You could also call these selected items nonpareils or classical
exemplars. Naturally some are rare if not priceless; but they range all
the way down to a few bucks so feel free to get out your wish list. Here
it’s more a combination of significance and romance than monetary
value. And unlike the Holy Grail[s] of song and fame their existence is,
or at the very least was, undisputed.
By single categories:
Flora & Fauna
Treasure & Splendor
Jamón ibérico de bellota
Might this be the ham that never saw a church potluck?
|May I help you?|
In the southern and southwestern parts of Spain you’ll find the
black Iberian pig or pata negra. It’s relatively small and
slow-maturing (for a pig, anyway), characterized by its ebony hooves and
an enviable talent for growing tasty ribbons of fat between its muscle
fibers. The breed goes back a thousand years and appears to have
descended from a hybridization between domestic pigs the Phoenicians
introduced during the Bronze Age and wild boars.
Anything sold as
must come from a free range
pig of at least 75% pata negra gene stock. Ideally these sweethearts are
raised on barley and maize for their first couple of months and
thereafter left to roam freely and forage for acorns. They can be
fattened later on with grain, but compromising their
montañera diet like that will dilute the unique flavor and
texture that the region’s acorns — holm, gall and cork oak,
mainly — impart to their meat.
They stack the hams under layers of salt for 14 days to dehydrate them
and then dry-cure them for 12 to 48 months in sheds high up in the
mountains. However sinful its flavor may be, the meat’s fat
portion is largely monounsaturated like olive oil. This means you can
enjoy it with a clear conscience, both in terms of being kind to your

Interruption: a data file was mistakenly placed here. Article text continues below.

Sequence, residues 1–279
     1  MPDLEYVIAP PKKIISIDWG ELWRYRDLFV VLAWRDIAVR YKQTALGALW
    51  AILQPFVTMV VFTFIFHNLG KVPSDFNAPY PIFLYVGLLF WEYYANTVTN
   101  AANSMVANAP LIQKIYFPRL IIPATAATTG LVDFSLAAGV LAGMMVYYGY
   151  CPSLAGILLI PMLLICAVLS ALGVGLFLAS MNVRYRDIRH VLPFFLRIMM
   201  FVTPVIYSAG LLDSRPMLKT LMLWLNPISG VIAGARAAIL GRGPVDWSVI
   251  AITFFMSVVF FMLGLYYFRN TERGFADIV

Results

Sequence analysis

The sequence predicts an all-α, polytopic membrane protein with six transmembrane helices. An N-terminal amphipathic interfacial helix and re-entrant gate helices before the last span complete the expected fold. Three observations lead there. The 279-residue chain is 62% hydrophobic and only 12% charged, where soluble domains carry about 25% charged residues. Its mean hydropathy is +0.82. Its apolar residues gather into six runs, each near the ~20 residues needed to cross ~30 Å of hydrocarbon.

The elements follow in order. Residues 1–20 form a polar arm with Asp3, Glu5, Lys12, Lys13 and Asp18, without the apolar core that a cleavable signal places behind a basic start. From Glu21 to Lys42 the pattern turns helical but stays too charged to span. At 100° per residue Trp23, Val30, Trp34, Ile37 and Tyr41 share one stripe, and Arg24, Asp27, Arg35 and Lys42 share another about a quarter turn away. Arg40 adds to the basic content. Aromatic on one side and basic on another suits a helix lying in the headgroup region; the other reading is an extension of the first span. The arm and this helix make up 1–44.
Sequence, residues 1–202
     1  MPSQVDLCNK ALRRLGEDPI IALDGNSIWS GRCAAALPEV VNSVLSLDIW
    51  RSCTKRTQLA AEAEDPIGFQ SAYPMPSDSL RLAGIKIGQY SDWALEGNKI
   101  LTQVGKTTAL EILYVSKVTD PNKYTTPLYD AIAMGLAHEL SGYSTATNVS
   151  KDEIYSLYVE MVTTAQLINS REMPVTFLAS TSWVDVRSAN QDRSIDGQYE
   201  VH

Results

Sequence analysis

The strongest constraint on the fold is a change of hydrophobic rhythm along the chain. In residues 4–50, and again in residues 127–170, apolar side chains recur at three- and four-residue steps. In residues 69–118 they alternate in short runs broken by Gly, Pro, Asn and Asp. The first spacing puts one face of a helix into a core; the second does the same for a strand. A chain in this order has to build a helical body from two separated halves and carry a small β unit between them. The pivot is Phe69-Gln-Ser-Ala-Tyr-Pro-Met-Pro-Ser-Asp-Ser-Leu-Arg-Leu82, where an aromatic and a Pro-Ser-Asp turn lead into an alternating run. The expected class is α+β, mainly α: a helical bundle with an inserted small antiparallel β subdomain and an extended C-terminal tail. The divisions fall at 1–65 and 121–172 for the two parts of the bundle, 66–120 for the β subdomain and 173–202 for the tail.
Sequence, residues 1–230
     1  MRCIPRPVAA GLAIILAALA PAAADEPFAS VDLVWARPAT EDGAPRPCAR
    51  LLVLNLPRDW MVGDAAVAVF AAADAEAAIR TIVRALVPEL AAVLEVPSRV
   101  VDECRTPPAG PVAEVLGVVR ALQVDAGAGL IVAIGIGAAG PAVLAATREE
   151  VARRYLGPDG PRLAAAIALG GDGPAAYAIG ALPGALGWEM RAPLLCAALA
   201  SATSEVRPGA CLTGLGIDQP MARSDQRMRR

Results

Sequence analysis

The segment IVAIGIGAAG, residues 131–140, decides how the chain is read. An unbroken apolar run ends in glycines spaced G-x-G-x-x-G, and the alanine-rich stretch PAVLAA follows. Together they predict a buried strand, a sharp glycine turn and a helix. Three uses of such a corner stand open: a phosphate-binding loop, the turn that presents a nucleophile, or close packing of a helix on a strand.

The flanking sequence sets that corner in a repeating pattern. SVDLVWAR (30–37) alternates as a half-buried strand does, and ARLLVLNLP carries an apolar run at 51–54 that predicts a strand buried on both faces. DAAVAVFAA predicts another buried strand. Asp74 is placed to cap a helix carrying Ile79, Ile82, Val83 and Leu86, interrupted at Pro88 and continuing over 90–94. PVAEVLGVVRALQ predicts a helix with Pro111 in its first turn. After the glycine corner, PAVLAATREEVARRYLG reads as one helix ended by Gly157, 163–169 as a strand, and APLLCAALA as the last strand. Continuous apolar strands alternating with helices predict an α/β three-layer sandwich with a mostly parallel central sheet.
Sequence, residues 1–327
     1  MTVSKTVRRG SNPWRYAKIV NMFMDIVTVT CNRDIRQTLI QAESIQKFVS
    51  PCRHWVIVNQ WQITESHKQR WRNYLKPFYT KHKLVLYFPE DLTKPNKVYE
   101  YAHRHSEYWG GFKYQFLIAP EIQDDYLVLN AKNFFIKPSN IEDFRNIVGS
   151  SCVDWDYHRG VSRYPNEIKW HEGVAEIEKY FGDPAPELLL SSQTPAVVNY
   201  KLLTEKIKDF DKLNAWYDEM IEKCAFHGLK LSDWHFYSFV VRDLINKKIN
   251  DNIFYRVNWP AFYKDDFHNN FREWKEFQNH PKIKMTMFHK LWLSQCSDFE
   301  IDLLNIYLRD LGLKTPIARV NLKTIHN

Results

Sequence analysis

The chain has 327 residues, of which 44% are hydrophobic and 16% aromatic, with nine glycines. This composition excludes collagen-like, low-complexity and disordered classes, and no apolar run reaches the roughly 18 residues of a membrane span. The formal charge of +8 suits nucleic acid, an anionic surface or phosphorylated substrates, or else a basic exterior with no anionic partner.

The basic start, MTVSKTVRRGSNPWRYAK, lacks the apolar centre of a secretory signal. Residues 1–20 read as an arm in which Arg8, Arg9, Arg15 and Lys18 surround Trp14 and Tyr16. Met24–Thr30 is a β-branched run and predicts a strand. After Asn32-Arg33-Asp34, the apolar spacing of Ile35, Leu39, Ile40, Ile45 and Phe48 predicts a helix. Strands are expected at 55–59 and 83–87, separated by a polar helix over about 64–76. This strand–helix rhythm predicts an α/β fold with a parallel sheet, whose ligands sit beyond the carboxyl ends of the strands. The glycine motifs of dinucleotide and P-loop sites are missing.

arteries and of encouraging humane animal husbandry.
All that tranquil puttering about in oak groves and curing sheds
isn’t terribly cost-effective, of course, so the end product will
set you back. North Americans seeking USDA-approved jamón
ibérico from specialty food importers like
will need to fork over $90 or so per pound (typically $900 for a whole ham)
depending on the donor pig’s acorn history, though the 2009 Christmas
season left Spain with a rare glut of ibérico along with lesser
jamones that they were forced to unload at deep discounts and even in
some cases give out free as promotions.
Maize or corn as we know it doesn’t exist in the wild and never did. In fact,
if all the world’s corn farmers decided to desert their crops tomorrow and let
them fend for themselves, the species would eventually vanish because it can’t self-propagate.
|Teosinte (genus Zea)
|US Department of Agriculture
There are several wild grasses native to Mexico and Central America
collectively referred to as teosinte [tay-o-SEEN-tay]. Their finger-sized ears bear a
single row of tough-skinned kernels which you can either feed to livestock or
grind into flour. At a high enough temperature some will even pop
We’ve come to understand that sometime around 12,000 years ago the locals began to
cultivate teosinte and over several millennia of selective breeding developed hundreds
of varieties of maize — or what the first visiting Europeans called Indian corn to
distinguish it from the other cereal grains (“corn”) they were already
Teosinte is now rare and endangered. One species, Zea nicaraguensis,
exists confined to a single plot of around 6000 plants. The Mexican and
Nicaraguan governments keep all teosinte under protection, though it’s available
to qualified agronomists for analysis and experimentation.
Flora & Fauna
Treasure & Splendor